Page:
Advertising
Advertising

5 Things I Wish I knew As A University Student

5 Things I Wish I knew As A University Student

In school, you are taught that studying and getting good grades are your raison d’etre (the reason you exist), so when I went to university, I took that along with me. There I was, spending thousands of (my parents’) dollars and many years (more than a decade) thinking the same way as I did when I was 12 years old, “If it worked in school, it’ll work here.” Boy, was I wrong!. When you think that way as a university student, you’re totally missing out on almost everything that a university education can offer you.

Here are five things that I wish I knew when I was a student. I guarantee, these tips will completely change your experience as a student.

1. Know that knowledge is NOT what you’re in university for.

Is there something you’d like to know? Wouldn’t it be cool if you could know it in five seconds? Back in the day, it could take you years to find out these answers, but since we live in the information age (even that’s such an outdated term), all you have to do is Google it! Even though profs can go on and on about how they hate Wikipedia, its credibility has surged in the last few years. It is such a great tool to quickly get a lot of (mostly) good info. You might be thinking that you’re in university to learn and to acquire knowledge. You’re right about the “learning” part, but wrong about the “knowledge” part.

Advertising

Universities don’t hold the keys to knowledge anymore, like they used to only a couple decades ago. However, learning how to learn, reason, analyze, solve problems, and think is really why you’re there. By rubbing shoulders with your professors who are experts in their subjects, you’re getting something far more valuable – a front row seat into their minds! That’s why you’re sitting hours and hours in front of these people, despite the fact that (as some of you have realized) you can get all the knowledge they’re spewing out of their mouths by just going to the library and buying yourself a good textbook. Learning the mindsets of the experts is the gold you mine in university.

2. Your career has already started.

Opps! The vast majority of students have no idea that this is the case. That’s why they’re wasting so much time doing unproductive and sometimes destructive things. Instead of strategically making use of their time, they think what they do in university will stay with them when they graduate. This is a tragic mistake. What if you took your time in university seriously? What if you understood that your career and future were being immensely affected by your actions as a student today?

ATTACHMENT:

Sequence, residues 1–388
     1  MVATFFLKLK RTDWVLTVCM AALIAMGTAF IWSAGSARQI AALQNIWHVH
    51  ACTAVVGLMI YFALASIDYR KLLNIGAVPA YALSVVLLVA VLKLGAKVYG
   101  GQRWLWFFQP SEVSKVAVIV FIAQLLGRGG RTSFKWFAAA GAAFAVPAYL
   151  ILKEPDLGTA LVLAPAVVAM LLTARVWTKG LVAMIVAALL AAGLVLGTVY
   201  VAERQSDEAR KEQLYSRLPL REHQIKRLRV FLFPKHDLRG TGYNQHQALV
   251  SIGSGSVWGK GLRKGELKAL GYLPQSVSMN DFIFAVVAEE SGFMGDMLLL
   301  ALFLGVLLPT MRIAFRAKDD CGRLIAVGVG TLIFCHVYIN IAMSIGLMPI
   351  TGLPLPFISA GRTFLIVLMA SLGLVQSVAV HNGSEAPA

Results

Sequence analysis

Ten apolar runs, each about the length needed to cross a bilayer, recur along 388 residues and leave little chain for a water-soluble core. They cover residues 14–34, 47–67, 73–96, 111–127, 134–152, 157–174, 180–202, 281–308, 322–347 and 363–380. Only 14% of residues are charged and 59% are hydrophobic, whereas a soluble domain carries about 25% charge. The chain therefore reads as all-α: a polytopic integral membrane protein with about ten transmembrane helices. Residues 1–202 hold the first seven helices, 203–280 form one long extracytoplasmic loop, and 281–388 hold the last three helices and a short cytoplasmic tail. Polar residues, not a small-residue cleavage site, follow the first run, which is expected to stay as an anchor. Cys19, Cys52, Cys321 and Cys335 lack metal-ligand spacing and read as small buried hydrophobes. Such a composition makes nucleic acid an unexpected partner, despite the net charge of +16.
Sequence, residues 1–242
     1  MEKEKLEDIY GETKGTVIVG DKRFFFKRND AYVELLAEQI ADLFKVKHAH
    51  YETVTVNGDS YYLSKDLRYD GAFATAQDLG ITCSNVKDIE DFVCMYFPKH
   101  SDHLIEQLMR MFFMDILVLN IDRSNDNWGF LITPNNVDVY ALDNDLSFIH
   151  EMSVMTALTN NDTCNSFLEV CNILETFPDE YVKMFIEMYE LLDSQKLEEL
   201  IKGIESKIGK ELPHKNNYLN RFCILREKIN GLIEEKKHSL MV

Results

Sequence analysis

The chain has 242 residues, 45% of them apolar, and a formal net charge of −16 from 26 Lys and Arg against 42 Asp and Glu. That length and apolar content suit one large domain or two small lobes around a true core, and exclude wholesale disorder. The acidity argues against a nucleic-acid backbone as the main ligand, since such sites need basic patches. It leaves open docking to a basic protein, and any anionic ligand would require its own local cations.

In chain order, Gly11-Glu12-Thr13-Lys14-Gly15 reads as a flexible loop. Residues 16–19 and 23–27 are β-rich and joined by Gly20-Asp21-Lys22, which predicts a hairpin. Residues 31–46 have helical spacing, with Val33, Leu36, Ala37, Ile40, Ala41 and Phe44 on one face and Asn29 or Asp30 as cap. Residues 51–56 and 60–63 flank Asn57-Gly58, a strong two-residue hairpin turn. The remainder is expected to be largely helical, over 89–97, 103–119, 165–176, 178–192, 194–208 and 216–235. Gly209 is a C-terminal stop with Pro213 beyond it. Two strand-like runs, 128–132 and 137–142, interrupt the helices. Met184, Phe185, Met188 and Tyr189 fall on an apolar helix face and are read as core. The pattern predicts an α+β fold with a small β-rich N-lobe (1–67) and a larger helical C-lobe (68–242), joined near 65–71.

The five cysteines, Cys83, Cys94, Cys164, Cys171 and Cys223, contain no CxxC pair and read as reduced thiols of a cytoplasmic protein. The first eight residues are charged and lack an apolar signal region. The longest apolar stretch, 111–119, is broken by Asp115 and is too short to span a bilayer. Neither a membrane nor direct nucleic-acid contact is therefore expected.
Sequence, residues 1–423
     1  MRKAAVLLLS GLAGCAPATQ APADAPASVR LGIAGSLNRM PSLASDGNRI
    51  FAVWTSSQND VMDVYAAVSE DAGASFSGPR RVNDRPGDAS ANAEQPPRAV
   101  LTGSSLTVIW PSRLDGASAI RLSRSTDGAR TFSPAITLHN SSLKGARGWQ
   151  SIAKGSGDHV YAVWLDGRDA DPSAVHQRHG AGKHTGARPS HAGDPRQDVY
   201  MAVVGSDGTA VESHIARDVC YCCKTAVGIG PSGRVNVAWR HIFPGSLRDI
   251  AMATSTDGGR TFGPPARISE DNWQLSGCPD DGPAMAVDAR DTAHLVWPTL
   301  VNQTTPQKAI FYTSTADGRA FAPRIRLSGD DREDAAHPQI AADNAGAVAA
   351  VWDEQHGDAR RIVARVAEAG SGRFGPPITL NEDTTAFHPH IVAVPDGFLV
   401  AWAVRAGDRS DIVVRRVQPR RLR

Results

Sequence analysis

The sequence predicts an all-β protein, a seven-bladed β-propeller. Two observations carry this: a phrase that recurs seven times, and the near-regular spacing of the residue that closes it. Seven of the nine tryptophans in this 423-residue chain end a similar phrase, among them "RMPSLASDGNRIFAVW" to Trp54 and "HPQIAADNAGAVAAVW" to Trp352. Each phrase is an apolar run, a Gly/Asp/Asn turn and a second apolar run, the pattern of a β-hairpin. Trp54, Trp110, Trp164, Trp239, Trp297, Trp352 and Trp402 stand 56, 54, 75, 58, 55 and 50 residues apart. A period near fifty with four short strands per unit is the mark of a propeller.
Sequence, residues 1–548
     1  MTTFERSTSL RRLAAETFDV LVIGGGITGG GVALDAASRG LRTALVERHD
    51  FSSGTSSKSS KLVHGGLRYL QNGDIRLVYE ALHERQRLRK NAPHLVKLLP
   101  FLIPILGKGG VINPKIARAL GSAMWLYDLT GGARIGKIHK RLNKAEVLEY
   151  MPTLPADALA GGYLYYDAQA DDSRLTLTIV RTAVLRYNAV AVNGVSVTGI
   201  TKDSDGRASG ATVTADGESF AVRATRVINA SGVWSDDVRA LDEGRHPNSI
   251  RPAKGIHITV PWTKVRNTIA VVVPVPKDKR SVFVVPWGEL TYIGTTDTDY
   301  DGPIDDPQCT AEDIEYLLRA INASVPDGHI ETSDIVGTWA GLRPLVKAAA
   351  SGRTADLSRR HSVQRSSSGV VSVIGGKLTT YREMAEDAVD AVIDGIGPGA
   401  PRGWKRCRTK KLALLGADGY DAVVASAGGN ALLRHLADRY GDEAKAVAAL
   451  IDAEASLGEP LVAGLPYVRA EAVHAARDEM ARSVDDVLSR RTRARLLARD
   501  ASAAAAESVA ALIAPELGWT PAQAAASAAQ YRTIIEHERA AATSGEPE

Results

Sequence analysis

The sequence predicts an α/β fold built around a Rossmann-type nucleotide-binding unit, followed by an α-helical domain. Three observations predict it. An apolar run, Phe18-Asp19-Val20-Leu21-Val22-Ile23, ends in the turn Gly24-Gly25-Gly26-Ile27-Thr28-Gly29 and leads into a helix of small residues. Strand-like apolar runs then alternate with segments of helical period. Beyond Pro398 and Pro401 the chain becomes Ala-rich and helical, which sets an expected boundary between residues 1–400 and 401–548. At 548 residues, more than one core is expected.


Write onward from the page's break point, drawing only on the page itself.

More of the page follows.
Look around your class. Someone there might be a potential partner for a great company, or your future boss who you’ve kept ignoring, or a key contact that will land you the job of your dreams. Here’s a story I love to help emphasize this point. There once was a guy who dropped out of Harvard when he was 19 to start a company with his friend. There they were, at the world’s best university, thinking, “Wow, we’re so lucky to be here” Next thing you know, they just left it all behind. I mean, couldn’t they have waited two more years! Nah. That guy was Microsoft’s Bill Gates. These guys understood that their career was already in play way before they got that official looking piece of paper (a.k.a. a degree). The believed in themselves so much they didn’t even bother waiting to finish school. That’s what I call seriously thinking outside the box.

Advertising

3. Don’t follow the crowd.

Just because you’re in a “program” doesn’t mean you have to behave like a programmed robot. I’ve seen so many students miss out by taking the path everyone else is taking. Be bold enough to be different. Choose your courses by what you like and not what you think might be easier. Dare to take on courses (and professors) that others might run away from.

As a Biology student, I took courses in geology, linguistics, archaeology, and philosophy that had no direct relevance to my so-called premedical program. However, these classes took my university experience to a completely different level. Therefore, choose the road less-traveled in university, even if it seems difficult. You will learn far more valuable things than those who take the congested highways of the program.

4. Engage, engage, engage!

Most students are on automatic pilot in university. They’re focused on the A — the grade and the degree. If they don’t stick to their books, they’ll waste their time elsewhere. Shake yourself out of this habit and decide to be involved in all aspects of university life. Meet your professors outside of class to chat with them, seek career advice, and ask questions.

Advertising

Be social and stop telling yourself that you’re not social if you are. Instead, decide to meet new people and cultivate positive friendships. Become an active member in one or two student clubs that share a passion of yours or reach out to the community with valuable services. Most people aren’t intentional (autopilot mode) because it is hard work, but once it becomes a habit it’s as easy as breathing. You’ll dramatically prepare yourself for the real world that awaits you outside. As I said before, expanding your network of contacts is a crucial asset that you should begin working on in university.

5. Pick the right major… even if it means changing the one you’re in now.

I’m a biology professor who is utterly astounded at how half of my students don’t belong here. “Hey, why are you doing biology?” “Uhhh… I dunno. I kinda sucked at math and well… biology is cool!” Meanwhile, I’m screaming inside! “Look, if you like biology, go buy a nice biology textbook and read it in your spare time.” Don’t get me wrong, they can be excellent students, but they lack direction and find themselves where they are by default. They have only a vague notion of the value that the degrees they’re working so hard for actually provide.